02 Feb Union Budget 2017 is for Bharat
Let India take care of itself; is this what Jaitley’s thinking?
In the perennial tussle between Bharat and India, has the hinterland won? The pro-poor, pro-farmer, pro-small business proposals presented by Finance Minister Arun Jaitley in the Budget for 2017-18 surely seek to portray this government as a friend of the masses. Not of the classes, nor of big business. Rahul Gandhi’s stinging ‘Suit Boot ki Sarkar’ charge, leveled before the Budget presentation last year, has now been quite effectively negated with all that the Budget promises. To hammer in its pro poor leanings perhaps, Jaitley pointedly ignored one of the most persistent demands of India Inc. – that the government lower the headline corporation tax rate. The other long standing gripe of the suits, about eliminating Minimum Alternate Tax (MAT), was also passed over. To all intents and purposes, Jaitley sent out a clear message: the wealthy are to bear the tax burden for the less fortunate and the large corporations must bear the cross of taxes even as smaller companies get a relief.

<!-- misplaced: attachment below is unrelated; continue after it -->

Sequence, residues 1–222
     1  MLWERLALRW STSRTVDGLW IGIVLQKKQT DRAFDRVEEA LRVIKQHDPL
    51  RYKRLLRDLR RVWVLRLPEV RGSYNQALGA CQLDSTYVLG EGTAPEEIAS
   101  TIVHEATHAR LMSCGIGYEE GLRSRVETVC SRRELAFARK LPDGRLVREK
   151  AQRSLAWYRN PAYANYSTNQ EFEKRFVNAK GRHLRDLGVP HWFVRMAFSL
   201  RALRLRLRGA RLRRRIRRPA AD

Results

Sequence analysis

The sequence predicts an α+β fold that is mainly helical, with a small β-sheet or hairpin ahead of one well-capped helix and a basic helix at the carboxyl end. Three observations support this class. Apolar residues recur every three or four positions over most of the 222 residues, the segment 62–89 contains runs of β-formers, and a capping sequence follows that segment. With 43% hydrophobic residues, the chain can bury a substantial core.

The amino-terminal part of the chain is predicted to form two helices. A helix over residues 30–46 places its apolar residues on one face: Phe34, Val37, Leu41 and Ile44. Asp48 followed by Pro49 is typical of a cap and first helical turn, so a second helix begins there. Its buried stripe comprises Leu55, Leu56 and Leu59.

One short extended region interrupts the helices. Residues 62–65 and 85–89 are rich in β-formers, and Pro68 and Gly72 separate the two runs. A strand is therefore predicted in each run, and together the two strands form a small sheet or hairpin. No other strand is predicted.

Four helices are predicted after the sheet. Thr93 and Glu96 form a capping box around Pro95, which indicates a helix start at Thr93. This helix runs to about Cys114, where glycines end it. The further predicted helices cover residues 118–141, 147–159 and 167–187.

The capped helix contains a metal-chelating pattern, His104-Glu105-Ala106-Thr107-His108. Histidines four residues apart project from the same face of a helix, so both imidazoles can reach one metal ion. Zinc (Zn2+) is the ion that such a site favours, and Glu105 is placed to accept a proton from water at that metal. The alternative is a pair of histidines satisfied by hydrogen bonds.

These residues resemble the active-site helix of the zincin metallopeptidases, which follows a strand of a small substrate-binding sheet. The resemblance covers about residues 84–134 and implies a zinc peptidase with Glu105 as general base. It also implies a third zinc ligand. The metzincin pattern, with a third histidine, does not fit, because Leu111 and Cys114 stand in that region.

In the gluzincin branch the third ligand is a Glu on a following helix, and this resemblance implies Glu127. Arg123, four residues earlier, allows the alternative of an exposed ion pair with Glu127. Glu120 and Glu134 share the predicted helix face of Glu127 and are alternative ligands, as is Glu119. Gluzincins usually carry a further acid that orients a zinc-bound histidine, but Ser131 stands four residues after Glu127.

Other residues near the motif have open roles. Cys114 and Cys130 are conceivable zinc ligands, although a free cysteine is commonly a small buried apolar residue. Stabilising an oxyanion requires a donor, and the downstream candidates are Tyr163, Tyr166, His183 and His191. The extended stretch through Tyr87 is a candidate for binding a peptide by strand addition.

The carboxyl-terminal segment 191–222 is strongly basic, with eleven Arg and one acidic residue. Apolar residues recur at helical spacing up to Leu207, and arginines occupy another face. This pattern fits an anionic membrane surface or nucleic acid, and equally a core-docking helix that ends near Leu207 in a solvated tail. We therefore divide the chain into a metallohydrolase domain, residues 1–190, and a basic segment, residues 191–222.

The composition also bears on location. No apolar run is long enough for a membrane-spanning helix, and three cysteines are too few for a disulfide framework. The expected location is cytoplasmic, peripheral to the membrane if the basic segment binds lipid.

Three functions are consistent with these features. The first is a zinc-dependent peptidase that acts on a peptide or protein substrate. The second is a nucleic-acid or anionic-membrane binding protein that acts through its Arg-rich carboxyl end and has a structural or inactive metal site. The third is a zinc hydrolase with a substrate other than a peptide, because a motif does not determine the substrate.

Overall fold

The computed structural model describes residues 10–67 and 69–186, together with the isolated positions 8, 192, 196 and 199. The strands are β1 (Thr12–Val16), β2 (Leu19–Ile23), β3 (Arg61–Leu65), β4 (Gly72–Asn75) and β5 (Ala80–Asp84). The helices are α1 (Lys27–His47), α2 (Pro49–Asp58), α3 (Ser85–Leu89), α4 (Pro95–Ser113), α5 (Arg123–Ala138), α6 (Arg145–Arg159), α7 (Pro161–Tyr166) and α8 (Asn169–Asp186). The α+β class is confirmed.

Whether Jaitley has been able to achieve this socialist, left-of-centre narrative in India’s economy will become clear as the fine print on his tax proposals is read, re-read and analysed over the next few days. He has lowered corporate tax rate for companies with a turnover of Rs 50 crore by five percentage points, income tax for those earning upto Rs 5 lakh a year has been halved. And those earning between Rs 50 lakh to Rs 1 crore have been slapped with an additional 10 percent surcharge.
On the corporate front, Jaitle has cut corporate tax rate only for the MSMEs while on the personal income tax front, large swathes of the middle class have been left untouched while the rich bear the cross. It is quite possible that after the dust settles on the Budget, his proposals may become mere indications of a change instead of bringing about any real change in the lives of Bharat.
The focus on MSMEs while cutting corporate tax rate could, some argue, enable massive job creation in the economy as the MSME sector has borne the worst impact from cash squeeze post demonetistaion. Jaitley has himself said as much in post-Budget interviews to some newspapers. But analysts at Ambit Capital doubt any impetus has been provided to job creation through this single move.